Jordan: Al-Qaeda clouds a precarious future
Since the 1967 Arab-Israeli war, Jordan has been a nation living in an uneasy relationship with the Sunni Islamist movement. With a population more than 50% Palestinian, Jordan became an ever-more useful place for Palestinian radicals to hang their hats while preparing plans to destroy Israel.
Under King Hussein bin Talal (1952 to 1999), the radicals were allowed to be in Jordan, but the country's pervasive and effective security services moderated the domestic problems they caused, save for flashes of admittedly intense violence. Over time - and after another war - King Hussein also became a central player in the Arab-Israeli peace process, earning the animosity of some of Jordan's Palestinian guests, as well as those of Jordan's domestic Islamist leaders, the Jordanian Muslim Brotherhood, and other Islamist organizations - most of whom enjoyed external funding from the Gulf.
To say that Jordan was always one step ahead of Islamist trouble probably is fair, but King Hussein proved to be a deft political operator and managed both to keep the security lid on and maintain popularity among the people.
Then Hussein died, his son Abdullah took the throne, and the United States-led coalition invaded Iraq, all of which yielded a significantly more dangerous internal security environment for Jordan. The new king, Abdullah, was not made of the same stern stuff and craftiness as his father and he seemed to exude a Westernized persona that did not sit well with the country's Islamists.
While this weakness might have been overcome in time, Abdullah soon encountered a situation in which he first aligned Jordan with Washington's post-9/11 "war on terror"; then with its invasion of Iraq - for which it was rewarded by a doubling of US aid in 2004 and continuing increases since; and finally with the West's aid-boycott of the Hamas-led government in Gaza.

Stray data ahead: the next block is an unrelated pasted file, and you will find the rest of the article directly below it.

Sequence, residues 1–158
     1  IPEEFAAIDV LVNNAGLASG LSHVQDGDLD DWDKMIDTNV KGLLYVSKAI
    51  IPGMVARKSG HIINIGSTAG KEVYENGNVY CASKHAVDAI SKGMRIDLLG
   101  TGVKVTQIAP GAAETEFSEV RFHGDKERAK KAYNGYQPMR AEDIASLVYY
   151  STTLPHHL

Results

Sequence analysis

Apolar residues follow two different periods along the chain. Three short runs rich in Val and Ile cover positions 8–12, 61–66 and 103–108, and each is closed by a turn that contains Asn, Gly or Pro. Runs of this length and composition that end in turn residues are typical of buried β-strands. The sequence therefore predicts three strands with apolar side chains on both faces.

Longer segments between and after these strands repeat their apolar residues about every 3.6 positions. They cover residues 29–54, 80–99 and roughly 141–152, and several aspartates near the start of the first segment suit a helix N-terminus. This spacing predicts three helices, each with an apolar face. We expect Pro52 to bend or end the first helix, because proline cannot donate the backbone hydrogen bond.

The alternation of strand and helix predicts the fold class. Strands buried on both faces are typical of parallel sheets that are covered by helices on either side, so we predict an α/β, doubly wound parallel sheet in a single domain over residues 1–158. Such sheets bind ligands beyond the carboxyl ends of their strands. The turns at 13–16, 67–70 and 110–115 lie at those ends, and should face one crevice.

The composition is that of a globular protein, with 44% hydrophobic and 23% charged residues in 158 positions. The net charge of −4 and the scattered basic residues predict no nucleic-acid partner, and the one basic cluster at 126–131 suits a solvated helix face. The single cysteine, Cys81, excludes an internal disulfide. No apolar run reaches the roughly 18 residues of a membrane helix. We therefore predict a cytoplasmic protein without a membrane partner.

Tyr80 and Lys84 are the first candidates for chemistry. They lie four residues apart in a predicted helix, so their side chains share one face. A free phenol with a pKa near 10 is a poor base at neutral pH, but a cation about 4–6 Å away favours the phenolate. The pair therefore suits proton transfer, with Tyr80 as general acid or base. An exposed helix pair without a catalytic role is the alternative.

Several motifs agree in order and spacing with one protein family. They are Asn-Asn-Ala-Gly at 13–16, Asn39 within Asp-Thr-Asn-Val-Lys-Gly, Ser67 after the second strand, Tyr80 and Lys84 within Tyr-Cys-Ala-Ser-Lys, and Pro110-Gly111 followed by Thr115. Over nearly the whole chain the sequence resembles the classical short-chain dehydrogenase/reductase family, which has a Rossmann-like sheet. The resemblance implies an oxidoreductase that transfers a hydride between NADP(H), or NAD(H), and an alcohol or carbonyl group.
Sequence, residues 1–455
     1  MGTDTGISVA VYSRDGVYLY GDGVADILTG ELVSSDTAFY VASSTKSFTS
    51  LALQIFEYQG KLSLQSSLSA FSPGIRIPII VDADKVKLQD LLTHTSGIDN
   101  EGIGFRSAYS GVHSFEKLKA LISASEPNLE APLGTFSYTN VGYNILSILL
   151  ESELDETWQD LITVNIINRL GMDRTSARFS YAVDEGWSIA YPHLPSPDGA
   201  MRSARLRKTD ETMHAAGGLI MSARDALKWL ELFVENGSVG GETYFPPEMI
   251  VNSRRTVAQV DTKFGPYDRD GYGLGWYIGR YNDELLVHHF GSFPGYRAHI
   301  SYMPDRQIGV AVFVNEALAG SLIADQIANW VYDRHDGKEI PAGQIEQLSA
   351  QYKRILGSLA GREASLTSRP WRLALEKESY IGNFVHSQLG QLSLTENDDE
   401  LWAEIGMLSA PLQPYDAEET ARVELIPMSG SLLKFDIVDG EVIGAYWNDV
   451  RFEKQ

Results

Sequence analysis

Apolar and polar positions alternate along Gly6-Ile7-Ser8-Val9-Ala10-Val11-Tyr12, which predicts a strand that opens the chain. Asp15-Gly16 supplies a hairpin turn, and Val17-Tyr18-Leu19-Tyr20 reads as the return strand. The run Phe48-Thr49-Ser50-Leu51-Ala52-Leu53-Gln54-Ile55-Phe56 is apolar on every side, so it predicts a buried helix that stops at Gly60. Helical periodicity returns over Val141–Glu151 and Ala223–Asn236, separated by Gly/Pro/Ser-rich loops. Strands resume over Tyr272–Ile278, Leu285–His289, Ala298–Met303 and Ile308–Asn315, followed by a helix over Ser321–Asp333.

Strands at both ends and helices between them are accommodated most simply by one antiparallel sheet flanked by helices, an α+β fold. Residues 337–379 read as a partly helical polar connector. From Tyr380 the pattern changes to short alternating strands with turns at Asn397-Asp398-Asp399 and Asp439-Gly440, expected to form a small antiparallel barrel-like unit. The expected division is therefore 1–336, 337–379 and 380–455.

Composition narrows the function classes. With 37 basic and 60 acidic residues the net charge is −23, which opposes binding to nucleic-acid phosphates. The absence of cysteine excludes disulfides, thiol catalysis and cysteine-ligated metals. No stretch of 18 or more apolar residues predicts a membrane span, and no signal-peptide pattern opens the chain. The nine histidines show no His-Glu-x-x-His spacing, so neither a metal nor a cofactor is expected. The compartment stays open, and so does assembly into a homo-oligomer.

The Amman regime began running hospitals in Fallujah in Iraq and Mazar-i-Sharif - the latter in North Atlantic Treaty Organization-occupied Afghanistan - and soon after paid the price for supporting US policy in Iraq with attacks on its interests and personnel within Iraq. Most importantly, Jordan now faced a world in which the durable shield of Saddam Hussein's Iraq - which had prevented the entry of large numbers of Sunni jihadis from the Gulf and South Asia - was shattered.
Of the Levant's Arab states, Jordan suffered quickly and most severely from the US-led coalition's destruction of the anti-jihadi bulwark Saddam's Iraq reliably provided on Jordan's eastern border. The end of Saddam's reign vastly increased Jordan's domestic security problems:
These groups also assisted non-Jordanian Muslims from across the Islamic community to securely transit the country and enter Iraq to join the mujahideen. That the Islamists' anti-US and anti-regime attitudes found increased popular support after the invasion of Iraq is evident in the success of the Islamic Action Front (the Muslim Brotherhood's political arm) in winning 17 seats in Jordan's parliament in the 2003 election, the largest single group in that 110-seat body. This total dropped to six in the 2007 election when the Front ran candidates in only 30 seats because of the regime's failure to follow through with promised electoral reforms.